Why do men face higher rates of most types of cancer than women?
New research suggests that biological sex differences may be the answer.
Rates of most types of cancer are higher in men than in women, yet the reasons are unclear. Findings from a recent study published by Wiley online in CANCER, a peer-reviewed journal of the American Cancer Society, suggest that the cause may be underlying biological sex differences rather than behavioral differences related to smoking, diet, alcohol use, and other factors.
Understanding the reasons for sex differences in risk could provide important information to improve cancer prevention and treatment. To investigate, Sarah S. Jackson, PhD, of the National Cancer Institute, part of the National Institutes of Health, and her colleagues, assessed differences in cancer risk for each of 21 anatomic cancer sites among 171,274 male and 122,826 female adults aged 50–71 years who were participating in the NIH-AARP Diet and Health study from 1995–2011.
“Our results show that there are differences in cancer incidence that are not explained by environmental exposures alone. This suggests that there are intrinsic biological differences between men and women that affect susceptibility to cancer.” — Sarah S. Jackson, PhD
During that time, 17,951 new cancers arose in men and 8,742 in women. Incidence was lower in men than women only for thyroid and gallbladder cancers. Risks were 1.3- to 10.8-times higher in men than women at other anatomic sites. The greatest increased risks in men were seen for esophageal cancer (a 10.8-times higher risk), larynx (a 3.5-times higher risk), gastric cardia (a 3.5-times higher risk), and bladder cancer (a 3.3-times higher risk).
Even after adjusting for a wide range of risk behaviors and carcinogenic exposures, men still had an increased risk of most cancers. Indeed, differences in risk behaviors and carcinogenic exposures between the sexes only accounted for a modest proportion of the male predominance of most cancers (ranging from 11% for esophageal cancer to 50% for lung cancer).
The results suggest that biological differences between sexes—such as physiological, immunological, genetic, and other differences—play a major role in the cancer susceptibility of men versus women.
“Our results show that there are differences in cancer incidence that are not explained by environmental exposures alone. This suggests that there are intrinsic biological differences between men and women that affect susceptibility to cancer,” said Dr. Jackson.
An accompanying editorial discusses the study’s findings and notes that a multifaceted approach needs to be in place to address sex disparities in cancer.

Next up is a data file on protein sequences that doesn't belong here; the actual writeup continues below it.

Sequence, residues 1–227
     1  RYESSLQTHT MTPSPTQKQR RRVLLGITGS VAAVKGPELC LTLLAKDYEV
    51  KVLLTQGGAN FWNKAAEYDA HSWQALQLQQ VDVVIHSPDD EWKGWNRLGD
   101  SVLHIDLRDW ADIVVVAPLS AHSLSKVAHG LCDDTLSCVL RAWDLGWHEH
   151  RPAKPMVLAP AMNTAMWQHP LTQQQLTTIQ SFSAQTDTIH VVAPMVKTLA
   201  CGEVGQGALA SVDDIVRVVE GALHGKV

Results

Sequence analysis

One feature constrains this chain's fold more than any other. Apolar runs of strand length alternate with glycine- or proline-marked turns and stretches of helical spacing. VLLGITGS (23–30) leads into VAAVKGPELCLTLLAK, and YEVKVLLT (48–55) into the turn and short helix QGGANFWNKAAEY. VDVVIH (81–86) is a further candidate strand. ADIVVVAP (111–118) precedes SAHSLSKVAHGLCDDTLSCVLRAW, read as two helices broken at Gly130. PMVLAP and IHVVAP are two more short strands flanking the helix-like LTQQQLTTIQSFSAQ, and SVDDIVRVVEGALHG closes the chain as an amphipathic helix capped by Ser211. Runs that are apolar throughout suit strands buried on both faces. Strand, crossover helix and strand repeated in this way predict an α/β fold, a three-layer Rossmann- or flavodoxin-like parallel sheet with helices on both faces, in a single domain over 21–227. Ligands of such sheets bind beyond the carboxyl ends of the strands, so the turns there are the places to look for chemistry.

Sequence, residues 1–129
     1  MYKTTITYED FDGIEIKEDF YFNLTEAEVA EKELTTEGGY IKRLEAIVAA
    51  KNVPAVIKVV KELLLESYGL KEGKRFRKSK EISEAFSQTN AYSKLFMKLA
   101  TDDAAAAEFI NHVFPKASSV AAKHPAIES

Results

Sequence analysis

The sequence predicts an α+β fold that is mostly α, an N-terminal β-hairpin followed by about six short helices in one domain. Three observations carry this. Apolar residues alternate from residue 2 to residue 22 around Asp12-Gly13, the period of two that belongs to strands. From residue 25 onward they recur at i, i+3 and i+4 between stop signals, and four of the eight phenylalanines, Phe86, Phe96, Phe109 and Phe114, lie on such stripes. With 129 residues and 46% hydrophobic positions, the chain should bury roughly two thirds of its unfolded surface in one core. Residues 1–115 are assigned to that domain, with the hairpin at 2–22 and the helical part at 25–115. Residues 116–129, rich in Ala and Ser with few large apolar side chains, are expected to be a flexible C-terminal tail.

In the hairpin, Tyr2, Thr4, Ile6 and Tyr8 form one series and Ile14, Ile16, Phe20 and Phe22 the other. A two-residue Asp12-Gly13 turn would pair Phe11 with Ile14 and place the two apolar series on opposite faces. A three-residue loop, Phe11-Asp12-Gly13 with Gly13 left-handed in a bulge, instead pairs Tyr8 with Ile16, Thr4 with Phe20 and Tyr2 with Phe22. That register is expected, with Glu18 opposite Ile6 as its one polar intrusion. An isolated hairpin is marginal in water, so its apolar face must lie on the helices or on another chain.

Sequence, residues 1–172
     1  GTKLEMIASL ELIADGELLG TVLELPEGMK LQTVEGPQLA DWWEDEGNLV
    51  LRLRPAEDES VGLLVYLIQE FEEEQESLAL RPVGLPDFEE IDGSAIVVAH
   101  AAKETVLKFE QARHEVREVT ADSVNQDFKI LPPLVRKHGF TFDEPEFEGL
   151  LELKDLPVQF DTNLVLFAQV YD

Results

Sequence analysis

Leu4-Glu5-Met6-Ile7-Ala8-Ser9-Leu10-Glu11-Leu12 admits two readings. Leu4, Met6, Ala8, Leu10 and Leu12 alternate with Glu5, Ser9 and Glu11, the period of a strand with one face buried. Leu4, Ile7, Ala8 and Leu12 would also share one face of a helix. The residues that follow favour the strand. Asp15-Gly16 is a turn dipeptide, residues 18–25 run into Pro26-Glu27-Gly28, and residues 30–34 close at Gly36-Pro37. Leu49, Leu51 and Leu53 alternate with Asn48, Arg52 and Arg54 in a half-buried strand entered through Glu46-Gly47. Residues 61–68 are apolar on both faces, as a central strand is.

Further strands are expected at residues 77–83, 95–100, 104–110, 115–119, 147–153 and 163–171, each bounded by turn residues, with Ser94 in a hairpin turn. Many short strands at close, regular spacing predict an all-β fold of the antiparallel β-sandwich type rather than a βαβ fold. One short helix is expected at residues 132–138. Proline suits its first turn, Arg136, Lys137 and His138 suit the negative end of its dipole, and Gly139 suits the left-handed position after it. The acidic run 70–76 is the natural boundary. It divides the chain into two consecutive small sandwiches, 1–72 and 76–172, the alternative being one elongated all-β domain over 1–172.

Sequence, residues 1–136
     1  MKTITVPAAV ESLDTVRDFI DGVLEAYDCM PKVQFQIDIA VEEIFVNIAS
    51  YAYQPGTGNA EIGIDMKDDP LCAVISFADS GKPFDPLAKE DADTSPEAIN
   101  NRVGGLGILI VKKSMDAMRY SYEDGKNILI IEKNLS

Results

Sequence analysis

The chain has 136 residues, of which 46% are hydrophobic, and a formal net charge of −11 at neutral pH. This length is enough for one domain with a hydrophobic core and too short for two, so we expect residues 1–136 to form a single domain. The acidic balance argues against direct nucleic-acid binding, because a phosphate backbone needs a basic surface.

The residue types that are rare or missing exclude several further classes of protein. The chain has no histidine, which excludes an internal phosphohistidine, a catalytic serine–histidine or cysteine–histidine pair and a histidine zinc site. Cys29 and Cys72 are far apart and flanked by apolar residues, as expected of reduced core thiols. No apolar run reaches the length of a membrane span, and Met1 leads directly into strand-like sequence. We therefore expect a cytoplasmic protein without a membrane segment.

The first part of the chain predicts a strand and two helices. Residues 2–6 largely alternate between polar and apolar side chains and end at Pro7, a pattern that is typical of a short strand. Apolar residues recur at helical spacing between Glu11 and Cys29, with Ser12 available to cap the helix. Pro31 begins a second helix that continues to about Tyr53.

“Strategically including sex as a biological variable should be enforced along the whole cancer continuum from risk prediction and cancer primary prevention, cancer screening and secondary prevention, to cancer treatment and patient management,” the authors wrote.
“Examining and addressing sex disparities in cancer and other diseases is an ongoing quest. Bench to bedside translational studies which effectively transform the existing research findings into clinical practice is a scalable means within easy reach to achieve precision medicine and will mitigate—and may ultimately eradicate—sex disparities in cancer.”
“Sex disparities in the incidence of 21 cancer types: quantification of the contribution of risk factors” by Sarah S. Jackson, PhD; Morgan A. Marks, PhD; Hormuzd A. Katki, PhD; Michael B. Cook, PhD; Noorie Hyun, PhD; Neal D. Freedman, PhD; Lisa L. Kahle BA; Philip E. Castle, PhD; Barry I. Graubard, PhD and Anil K. Chaturvedi, PhD, 8 August 2022, Cancer.
“Sex disparities in cancer: an ongoing quest” by Jingqin R. Luo, PhD and Graham A. Colditz, MD, DrPH, 8 August 2022, Cancer.
Men face higher exposure to any number of environmental agents. Whether it be from occupational causes or just “working around the home” men are more often exposed to carcinogens than women. It would be very difficult to quantitatively analyze the differences in exposure to carcinogenic materials.
What if you don’t identify as a man?
Identity politics are moot. What exists only in people’s minds (their gender identity vs. what’s between their legs) has absolutely zero bearing on existential fact.
Except this did not include breast cancer, which is one of the most common cancers in women. Then, of course, there’s ovarian or cervical cancers which account for a substantial number of cancer cases in women … also, not counted as part of this study.